Croatia: U.S. Ambassador Warns of Russian Influence on Agribusiness Conglomerate

U.S. Ambassador to Croatia W. Robert Kohorst said on Wednesday that, to avoid unfavorable scenarios while trying to reach a settlement for the ailing agricultural conglomerate Agrokor, not one group should have more than 10% of voting rights in the company.

Kohorst’s statement comes after Russia’s largest bank, Sberbank, said this week it intends to keep in the long run the stake it will receive in the restructured Agrokor concern under a debt settlement deal. Sberbank is Agrokor’s largest single creditor with claims totaling some 1.1 billion euro ($1.29 billion).

According to HINA, speaking at a working lunch organized by the American Chamber of Commerce (AmCham) in Croatia, Kohorst said that the government should concentrate on preventing and reducing the risk of concentration of ownership and voting rights. He added that this can be done by limiting voting rights of ownership shares, by complex structured management boards or other procedures that enable companies to make success and not to become the subject of certain risky behavior.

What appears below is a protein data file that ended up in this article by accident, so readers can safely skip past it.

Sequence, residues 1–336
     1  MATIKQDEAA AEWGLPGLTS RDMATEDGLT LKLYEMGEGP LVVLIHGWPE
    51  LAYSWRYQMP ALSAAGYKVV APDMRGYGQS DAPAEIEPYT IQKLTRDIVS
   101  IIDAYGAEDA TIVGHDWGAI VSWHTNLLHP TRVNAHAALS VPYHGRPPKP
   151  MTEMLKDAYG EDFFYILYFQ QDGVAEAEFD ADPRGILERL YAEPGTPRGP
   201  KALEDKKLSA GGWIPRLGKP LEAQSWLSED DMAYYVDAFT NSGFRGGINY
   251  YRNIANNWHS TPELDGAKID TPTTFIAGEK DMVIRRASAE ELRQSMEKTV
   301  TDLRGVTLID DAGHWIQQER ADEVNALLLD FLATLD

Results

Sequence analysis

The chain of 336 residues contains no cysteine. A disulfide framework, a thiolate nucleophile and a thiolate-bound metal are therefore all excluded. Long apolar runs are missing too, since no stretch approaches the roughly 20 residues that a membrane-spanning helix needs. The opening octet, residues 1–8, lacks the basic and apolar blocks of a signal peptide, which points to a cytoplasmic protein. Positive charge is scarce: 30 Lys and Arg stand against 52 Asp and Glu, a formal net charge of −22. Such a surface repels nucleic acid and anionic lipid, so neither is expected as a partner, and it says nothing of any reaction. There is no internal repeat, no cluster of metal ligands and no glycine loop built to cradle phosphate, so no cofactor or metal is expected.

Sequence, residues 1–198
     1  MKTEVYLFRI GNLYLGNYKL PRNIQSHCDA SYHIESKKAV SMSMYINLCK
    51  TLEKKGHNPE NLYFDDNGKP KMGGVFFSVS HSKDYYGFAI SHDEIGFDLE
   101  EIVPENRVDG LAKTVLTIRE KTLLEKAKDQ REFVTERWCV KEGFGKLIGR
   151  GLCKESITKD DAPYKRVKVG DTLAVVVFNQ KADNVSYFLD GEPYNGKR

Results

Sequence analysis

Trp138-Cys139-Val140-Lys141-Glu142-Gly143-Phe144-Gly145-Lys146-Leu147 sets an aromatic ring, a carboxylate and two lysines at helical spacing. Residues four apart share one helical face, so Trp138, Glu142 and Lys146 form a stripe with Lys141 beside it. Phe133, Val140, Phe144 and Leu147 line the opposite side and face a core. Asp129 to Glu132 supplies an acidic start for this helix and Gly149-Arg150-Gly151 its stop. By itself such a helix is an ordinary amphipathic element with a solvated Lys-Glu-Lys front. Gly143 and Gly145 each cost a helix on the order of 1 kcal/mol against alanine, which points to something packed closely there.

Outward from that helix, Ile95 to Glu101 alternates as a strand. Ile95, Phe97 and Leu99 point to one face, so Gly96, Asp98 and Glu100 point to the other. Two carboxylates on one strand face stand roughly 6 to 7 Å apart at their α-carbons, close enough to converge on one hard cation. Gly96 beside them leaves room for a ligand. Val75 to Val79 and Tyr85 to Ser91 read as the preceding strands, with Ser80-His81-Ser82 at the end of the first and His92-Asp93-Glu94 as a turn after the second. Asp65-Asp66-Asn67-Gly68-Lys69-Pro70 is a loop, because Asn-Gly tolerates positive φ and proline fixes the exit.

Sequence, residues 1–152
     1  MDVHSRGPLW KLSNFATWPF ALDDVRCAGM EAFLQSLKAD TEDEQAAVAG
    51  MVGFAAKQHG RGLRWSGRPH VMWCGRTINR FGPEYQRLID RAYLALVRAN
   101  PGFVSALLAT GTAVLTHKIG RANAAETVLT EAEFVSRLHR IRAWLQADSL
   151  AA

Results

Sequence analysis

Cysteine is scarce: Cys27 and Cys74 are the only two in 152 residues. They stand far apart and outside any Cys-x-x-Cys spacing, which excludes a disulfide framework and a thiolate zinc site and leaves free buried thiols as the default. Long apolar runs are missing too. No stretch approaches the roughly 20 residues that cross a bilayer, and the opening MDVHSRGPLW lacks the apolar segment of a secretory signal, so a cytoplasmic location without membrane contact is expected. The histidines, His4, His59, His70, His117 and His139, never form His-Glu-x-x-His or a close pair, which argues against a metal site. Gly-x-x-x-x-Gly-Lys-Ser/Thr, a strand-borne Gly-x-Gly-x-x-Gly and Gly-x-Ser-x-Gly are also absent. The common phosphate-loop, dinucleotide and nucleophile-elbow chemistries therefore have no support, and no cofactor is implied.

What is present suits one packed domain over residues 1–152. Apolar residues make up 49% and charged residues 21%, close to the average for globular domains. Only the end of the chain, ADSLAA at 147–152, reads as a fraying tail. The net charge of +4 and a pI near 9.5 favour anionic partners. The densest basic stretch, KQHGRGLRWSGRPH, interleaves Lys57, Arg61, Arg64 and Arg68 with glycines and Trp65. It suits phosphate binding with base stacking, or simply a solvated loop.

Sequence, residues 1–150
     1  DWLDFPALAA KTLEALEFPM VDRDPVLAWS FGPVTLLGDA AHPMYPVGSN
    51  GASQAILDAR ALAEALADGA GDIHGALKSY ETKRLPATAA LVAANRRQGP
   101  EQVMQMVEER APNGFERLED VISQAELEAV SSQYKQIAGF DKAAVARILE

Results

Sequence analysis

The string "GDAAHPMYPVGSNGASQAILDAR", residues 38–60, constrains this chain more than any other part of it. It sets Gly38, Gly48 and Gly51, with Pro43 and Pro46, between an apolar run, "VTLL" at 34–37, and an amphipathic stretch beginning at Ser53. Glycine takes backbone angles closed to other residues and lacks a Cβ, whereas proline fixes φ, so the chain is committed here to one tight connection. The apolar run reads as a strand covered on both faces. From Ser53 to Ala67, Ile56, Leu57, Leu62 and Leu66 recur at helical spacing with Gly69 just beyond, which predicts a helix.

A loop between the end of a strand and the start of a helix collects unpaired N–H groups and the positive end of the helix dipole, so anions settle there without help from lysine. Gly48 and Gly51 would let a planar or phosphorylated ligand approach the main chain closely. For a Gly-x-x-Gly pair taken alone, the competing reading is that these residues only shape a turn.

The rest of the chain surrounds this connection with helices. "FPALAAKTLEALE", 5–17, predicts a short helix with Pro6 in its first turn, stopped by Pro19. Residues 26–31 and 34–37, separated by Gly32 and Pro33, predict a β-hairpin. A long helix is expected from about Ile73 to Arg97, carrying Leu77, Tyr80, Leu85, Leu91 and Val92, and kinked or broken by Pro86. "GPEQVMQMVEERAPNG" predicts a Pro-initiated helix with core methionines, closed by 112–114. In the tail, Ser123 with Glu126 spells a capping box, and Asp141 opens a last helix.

“When you have large conglomerates that control large parts of the economy, regardless of whether they are owned by the state or privately, they can halt dynamic growth which Croatia needs,” Kohorst said.

Asked about the increasing influence of the capital from east and southeast European companies in Croatia, Kohorst said that Russia’s Sberbank has a significant influence and that it is obvious that it will be one of the largest shareholders in Agrokor.

Agrokor was once the biggest private concern in Croatia and the western Balkans. The Agrokor holding company comprised 143 firms, which employ nearly 57,000 people directly.  In 2017, faced with huge debts, irate lenders and skeptical suppliers, Agrokor went bankrupt. Its owner Ivica Todoric said back then he was “putting everything he had built” into the hands of the government.

He later fled to London after Croatian authorities charged him on fraud and corruption offenses relating to around $122 million. A British judge in April ruled that Todoric is to be extradited to his home country.